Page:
Is it curtains for the Total 90?
Nike’s Total 90 is a brand that has dug its way deep into daily nomenclature, at least football nomenclature for that matter. What began as a specific line of boots is now a full-fledged range of athletic wear. The brand finds its name from the total number of minutes played in football game, i.e. 90, and refers to the ideal player, who plays the entire ninety minutes. The ‘player’ is categorically pushing hard for the entire duration and can find his place anywhere in the field; thus, Total 90. Nike then shortened it to the easier-off-the-tongue T90, which has since stuck.
Any footballer worth his salt doesn’t take his boots lightly, and Nike pounced on this to produce some of the most complex boots ever. Seven generations of Total 90 boots later (Air Zoom Total 90, Air Zoom Total 90 II, Air Zoom Total 90 III, Total 90 Supremacy, Total 90 Laser, Total 90 Laser II, Total 90 Laser III), we arrived at the Total 90 Laser IV. The laser line is threateningly wicked in terms of the technology that goes in to them. It fits 5 red silicon pods, added to augment the ‘strike zone’ along with alien TPU fins, create friction to ensure better control. With the Laser IV, Nike took the aforementioned salient features away, to add strips of rubber to the outside of the boot. These added control on spin and swerve, just short of a heat seeking missile. It also has an aptly named power zone, which adds accuracy. Adaptive Shields, as the technology was called, let the rubber strips move and bend with the movement of the feet. This, in addition to the overall mandatory slimming of the boot, was unprecedented in football. Also unknown was the proverbial sweet spot, which was identified by Nike as the instep, and worked upon immensely. This led to the reduction of area covered by laces, and the addition of rings around the designated spot, thus souping up the sweet spot.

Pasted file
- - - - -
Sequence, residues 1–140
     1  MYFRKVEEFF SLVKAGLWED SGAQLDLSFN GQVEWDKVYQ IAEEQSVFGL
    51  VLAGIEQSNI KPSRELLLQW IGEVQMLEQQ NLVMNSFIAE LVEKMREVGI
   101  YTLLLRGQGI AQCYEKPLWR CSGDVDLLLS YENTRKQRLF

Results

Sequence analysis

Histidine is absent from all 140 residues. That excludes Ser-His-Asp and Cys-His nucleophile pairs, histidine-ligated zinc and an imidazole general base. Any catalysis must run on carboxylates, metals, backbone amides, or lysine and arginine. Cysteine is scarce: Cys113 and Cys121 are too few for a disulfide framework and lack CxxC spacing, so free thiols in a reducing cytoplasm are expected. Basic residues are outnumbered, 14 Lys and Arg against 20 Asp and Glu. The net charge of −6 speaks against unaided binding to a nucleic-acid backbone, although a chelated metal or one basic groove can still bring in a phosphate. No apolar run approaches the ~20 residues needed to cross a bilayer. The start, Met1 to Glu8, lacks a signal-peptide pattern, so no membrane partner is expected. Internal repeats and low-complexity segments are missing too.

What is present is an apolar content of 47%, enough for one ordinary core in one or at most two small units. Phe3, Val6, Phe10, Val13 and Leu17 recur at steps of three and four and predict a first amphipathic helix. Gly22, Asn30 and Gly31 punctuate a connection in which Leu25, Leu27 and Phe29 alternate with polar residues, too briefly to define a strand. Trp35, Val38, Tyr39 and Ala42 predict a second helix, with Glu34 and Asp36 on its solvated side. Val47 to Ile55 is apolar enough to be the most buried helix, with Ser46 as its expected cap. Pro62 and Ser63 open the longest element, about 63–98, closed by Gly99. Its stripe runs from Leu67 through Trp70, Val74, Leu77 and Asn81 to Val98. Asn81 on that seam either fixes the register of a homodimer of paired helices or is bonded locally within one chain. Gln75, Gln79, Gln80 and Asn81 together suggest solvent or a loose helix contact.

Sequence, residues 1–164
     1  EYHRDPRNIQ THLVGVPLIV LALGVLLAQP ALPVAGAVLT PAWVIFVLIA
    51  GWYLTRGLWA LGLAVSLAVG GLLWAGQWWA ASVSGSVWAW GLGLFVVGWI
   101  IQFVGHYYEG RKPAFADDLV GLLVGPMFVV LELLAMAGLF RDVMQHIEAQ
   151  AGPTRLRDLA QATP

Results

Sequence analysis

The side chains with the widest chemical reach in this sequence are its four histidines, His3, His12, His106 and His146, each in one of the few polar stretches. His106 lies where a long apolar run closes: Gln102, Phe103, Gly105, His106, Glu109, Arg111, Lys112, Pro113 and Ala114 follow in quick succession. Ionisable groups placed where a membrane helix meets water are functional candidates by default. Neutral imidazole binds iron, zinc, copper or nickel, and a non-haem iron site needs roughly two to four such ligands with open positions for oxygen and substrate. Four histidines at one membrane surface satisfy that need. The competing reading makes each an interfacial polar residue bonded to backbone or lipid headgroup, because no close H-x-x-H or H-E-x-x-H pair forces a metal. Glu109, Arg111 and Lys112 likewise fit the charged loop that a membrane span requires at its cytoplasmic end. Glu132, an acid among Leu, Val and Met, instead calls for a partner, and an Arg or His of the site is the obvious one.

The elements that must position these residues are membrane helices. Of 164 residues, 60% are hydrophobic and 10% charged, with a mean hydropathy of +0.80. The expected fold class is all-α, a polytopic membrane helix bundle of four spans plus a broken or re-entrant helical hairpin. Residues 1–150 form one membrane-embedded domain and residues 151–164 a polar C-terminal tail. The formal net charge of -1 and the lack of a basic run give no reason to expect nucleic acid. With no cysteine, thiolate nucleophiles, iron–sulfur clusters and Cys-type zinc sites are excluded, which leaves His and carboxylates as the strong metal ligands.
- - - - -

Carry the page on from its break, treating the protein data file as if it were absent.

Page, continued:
Club Total 90
Although endorsed by a number of footballers like Gonzalo Higuain, Fabio Cannavaro, Wesley Sneijder, Florent Malouda, Robert Lewandowski and Wojciech Szczesny, Total 90 was propelled to the forefront by Wayne Rooney and Fernando Torres. Wayne Rooney was the archetypical player for the brand. A centre forward who ploughed through the defence, found the net on multiple occasions, clenched his teeth and gritted away. He showed what Total 90 stood for. Sometimes also confused with Total 90 is the hypothetical ideology of a player who can fit any spot on the field and perform to the fullest in every zone. Rooney fit this bill too, as he held the middle together on multiple occasions, playing the second striker and occasionally leading from the front too.
End of the Line?
Cut to today, and Rooney remains the only player still in touch with the Total 90 brand of football and the brand itself. Torres, although no longer the same player he once was, has moved on to the Adidas Predator LZ. Even though Mercurial Vapour and CTR 360 are still riding high, will this spell an end to the brand’s domination? Nike had to eventually move away from what was popular then, to what the audiences want now. The T90 was a supply of raw power, and that fell through soon enough. Currently, the limelight is on slick control, and that is on offer by everyone else. The Adidas Predator, the Puma King and even the CTR 360, all fell under that bracket and T90 was just not cutting it any more. Nike changed their game alright, but left a piece of history behind. Nike came through on all its effort to give the brand a ‘legendary status’, something which very few brands manage to achieve. But will the idiom ‘All good things must come to an end’ hold true for this iconic piece of magic?